better not to print than not to work at all.
A similar concept might apply to temporary
directories, but keep in mind that the booting system is apt to
need those too, particularly /tmp and possibly even /usr/tmp, so
those need to be available during boot and in single user mode.
You can't fit an entire drive on your backup
media, and want to keep volatile data on separate filesystems to
make it easier to use archaic backup programs like "dump". This is
unlikely to be a problem nowadays except for the very largest
systems. Unless it is simply impossible to do it because of time or
medium constraints, you should ALWAYS be backing up everything
every day. If you can't do that, you still probably do not want to
be using programs like dump that depend on organization into
separate filesystems. Modern backup utilities let you easily
specify what to include and what to leave out. While on this
subject, I'll mention in passing that while incremental backups
(backing up data that has been modified today) are tempting, they
are not fun when it comes time to restore. Aside from the physical
annoyance of having to restore multiple tapes, you are also likely
to end up restoring data that was actually deleted and should not
be restored. See /Reviews/supertars.html
You want to be able to do upgrades or reinstalls
and leave some filesystems untouched. This remains a valid reason
for separating certain areas from others, but with the speed and
capacity of modern backup systems, it is hardly as compelling as it
used to be.
You want to be able to clean the filesystem in
the event of a crash. Older large filesystems, took a long time to
clean and fsck needed more memory than was likely to be present, so
it would need scratch files, which slowed it down further. It was
not at all unusual for these filesystems to get confused for no
particular reason; not from a crash, just because, so it was
obviously better to clean one or two small filesystems now and then
as opposed to having to clean one big filesystem every time this
happened. Linux filesystems still have that mentality, btw, and
will automatically run fsck after x number of boots and/or x number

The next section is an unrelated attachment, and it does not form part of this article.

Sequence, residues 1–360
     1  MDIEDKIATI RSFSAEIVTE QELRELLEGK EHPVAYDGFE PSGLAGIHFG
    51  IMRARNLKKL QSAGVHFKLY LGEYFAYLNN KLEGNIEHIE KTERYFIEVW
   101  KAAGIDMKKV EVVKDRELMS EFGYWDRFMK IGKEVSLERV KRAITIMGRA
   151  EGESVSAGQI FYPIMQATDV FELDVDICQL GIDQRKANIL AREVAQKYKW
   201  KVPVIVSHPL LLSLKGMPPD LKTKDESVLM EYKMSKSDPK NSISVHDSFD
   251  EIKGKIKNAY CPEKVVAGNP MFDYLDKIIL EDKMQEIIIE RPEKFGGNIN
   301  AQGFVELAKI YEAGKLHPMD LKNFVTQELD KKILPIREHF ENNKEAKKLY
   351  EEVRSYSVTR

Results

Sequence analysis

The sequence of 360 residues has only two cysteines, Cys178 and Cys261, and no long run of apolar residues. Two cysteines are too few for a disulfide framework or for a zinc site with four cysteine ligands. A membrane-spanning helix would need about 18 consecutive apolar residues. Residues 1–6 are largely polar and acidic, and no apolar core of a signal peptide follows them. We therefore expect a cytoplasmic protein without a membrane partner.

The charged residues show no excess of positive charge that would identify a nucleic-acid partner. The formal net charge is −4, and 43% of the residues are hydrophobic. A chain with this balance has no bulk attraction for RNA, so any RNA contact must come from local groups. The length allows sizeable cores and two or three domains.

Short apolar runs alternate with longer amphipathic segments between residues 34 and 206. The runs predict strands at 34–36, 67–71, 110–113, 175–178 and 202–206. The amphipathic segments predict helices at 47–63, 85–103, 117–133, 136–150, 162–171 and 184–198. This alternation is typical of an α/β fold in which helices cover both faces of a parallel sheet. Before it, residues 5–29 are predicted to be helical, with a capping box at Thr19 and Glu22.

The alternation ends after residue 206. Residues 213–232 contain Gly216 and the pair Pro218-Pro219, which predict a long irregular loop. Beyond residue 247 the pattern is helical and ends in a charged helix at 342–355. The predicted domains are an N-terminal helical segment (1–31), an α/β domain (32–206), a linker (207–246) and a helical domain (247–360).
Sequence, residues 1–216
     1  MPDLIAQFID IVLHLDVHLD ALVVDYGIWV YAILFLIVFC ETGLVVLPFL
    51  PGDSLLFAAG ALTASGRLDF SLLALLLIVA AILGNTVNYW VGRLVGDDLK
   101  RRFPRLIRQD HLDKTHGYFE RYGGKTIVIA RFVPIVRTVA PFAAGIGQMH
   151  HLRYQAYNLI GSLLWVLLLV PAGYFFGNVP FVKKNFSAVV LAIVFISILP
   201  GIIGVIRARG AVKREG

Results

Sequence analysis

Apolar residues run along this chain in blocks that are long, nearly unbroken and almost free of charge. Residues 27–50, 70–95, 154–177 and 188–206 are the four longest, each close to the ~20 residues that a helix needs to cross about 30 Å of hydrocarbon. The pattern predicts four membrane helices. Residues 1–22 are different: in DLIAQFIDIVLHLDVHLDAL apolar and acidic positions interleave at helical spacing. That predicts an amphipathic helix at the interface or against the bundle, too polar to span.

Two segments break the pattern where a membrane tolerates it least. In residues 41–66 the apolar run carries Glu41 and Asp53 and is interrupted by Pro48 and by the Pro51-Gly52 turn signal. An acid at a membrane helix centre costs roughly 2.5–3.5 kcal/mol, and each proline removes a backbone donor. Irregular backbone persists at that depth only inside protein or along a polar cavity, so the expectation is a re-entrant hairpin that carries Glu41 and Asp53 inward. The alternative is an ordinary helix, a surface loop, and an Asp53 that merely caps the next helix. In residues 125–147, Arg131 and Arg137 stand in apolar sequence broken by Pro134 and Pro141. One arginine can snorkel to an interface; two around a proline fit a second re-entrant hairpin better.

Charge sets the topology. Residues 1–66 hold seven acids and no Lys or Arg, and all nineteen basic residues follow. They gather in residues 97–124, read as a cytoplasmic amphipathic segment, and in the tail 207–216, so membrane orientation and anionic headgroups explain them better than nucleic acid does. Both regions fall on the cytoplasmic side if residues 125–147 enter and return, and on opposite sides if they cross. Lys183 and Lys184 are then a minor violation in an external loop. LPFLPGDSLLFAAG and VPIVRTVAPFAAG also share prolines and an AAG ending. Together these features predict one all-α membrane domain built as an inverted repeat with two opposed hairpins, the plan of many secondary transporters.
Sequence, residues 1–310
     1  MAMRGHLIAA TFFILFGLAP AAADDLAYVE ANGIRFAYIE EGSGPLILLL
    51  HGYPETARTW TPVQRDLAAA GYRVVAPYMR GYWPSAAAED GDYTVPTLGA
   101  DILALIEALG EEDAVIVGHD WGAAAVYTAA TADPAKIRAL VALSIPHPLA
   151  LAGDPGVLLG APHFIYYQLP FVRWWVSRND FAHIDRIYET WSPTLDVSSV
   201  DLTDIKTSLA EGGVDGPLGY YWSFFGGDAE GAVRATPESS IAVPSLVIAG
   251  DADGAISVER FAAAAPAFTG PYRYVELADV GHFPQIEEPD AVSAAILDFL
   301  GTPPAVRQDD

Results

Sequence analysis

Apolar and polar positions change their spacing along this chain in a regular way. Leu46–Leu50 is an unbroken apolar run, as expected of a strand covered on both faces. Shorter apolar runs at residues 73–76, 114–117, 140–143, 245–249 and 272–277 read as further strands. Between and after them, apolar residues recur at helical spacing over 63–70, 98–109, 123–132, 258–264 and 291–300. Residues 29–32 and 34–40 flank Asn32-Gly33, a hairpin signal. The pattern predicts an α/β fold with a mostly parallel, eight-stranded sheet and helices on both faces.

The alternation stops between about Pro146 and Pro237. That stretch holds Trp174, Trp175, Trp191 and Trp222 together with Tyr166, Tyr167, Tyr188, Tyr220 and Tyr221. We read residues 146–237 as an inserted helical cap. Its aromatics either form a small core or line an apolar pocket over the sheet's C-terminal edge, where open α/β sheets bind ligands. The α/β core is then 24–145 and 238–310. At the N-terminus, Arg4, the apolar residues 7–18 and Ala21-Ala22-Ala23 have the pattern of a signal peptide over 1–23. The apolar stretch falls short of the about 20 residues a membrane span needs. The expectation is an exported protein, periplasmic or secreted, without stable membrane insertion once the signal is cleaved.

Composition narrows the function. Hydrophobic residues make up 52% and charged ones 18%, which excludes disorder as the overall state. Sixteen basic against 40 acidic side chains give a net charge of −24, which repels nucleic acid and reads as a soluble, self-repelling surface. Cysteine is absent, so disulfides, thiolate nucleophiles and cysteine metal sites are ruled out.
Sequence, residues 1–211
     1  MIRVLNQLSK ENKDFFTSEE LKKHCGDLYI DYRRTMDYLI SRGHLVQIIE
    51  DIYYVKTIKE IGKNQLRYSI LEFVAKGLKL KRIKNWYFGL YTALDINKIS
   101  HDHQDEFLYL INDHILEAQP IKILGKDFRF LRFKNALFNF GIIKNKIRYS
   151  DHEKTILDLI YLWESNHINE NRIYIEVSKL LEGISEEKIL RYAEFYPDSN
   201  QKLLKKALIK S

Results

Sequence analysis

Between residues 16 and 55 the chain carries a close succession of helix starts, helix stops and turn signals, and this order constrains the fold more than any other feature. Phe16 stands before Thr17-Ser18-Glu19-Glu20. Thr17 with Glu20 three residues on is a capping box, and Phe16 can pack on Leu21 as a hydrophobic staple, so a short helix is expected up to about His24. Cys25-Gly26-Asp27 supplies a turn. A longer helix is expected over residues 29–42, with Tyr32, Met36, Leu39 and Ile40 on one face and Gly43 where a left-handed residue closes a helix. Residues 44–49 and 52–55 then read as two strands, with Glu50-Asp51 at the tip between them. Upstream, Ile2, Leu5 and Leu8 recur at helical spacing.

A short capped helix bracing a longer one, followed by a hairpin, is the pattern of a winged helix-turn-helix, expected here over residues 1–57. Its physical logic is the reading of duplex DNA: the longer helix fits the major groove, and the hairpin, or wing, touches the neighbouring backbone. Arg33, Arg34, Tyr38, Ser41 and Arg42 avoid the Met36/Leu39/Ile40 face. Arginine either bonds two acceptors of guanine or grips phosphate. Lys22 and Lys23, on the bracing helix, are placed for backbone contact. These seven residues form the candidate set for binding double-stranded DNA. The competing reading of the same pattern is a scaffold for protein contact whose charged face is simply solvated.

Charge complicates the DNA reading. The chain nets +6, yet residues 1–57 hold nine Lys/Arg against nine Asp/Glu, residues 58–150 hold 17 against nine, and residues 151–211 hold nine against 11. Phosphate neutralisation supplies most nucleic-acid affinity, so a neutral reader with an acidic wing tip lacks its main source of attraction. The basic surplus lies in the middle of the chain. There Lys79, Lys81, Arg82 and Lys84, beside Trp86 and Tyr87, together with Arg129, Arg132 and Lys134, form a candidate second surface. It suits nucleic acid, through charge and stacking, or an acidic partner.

of days. Older Sun filesystems would run it on EVERY boot. Modern
filesystems very seldom need to run fsck anyway, so this is not an
issue. I imagine it won't be an issue for Linux, either, once it
catches up in this area.
Partial drive failure
You want to contain the damage. On older systems,
it was often observed that if you had physical or electronic
damage, it was sometimes unrecoverable by fsck, but that it was
very apt to be confined to one filesystem. Therefore, spreading the
filesystems out made it more likely that more of your data survived
a crash. Again, this is unlikely to be an issue with modern
filesystems, and as we tend to back up more data more often from
and to more reliable media, it's even less important.
Treat data differently
John Dubois pointed out something I hadn't
Using separate filesystems for certain data also means that you can use mount
options appropriate for that data - tmp, nolog, ronly, etc.
None of these issues may apply to you, and if they don't there's
nothing at all wrong with one large root filesystem.
But you can't..
Different OS's have different ideas about what needs to be
available as the system boots. OSR5, for example, is very fussy: it
must have /usr and /tmp- which means these CANNOT be separate
filesystems. People accustomed to other Unix versions sometimes get
themselves in trouble here. With OSR5, don't relocate system
directories elswhere- if you want to make /u, /home, or /users (not
/usr), that's fine- but leave the system stuff on the root.
On Unixware 7, /tmp is usually a ram disk. Linux doesn't mind
you putting /usr elsewhere because it keeps its necessary programs
in /sbin. In short, you have to know what's important and why, and
very often the install manuals don't help you very much.
Crashes and Other Problems
Modern file systems are very immune to damage. Although you
should shutdown properly (man shutdown) before powering off, and
should have your machine attached to a UPS so it doesn't go off
unexpectedly, it is very likely that absolutely nothing bad will
happen if shutdown isn't run.
When there is a crash, or just a power off, the filesystem will
probably be marked "dirty", meaning that there was data in memory
that had not yet been flushed out to the disk when the system went
down. On older systems (and on Linux through at least December
1999) that situation required running "fsck" to check and repair
Repairing is what "fsck" does, and it does it incredibly well.
It needs to be run on an unmounted filesystem, or if that's
impossible (root is always mounted), in single user mode. NEVER RUN
FSCK on root in multi-user mode. You'll very likely cause
irrecoverable damage. Think about what's happening here: fsck is
reading through all the data and directories on the disk, trying to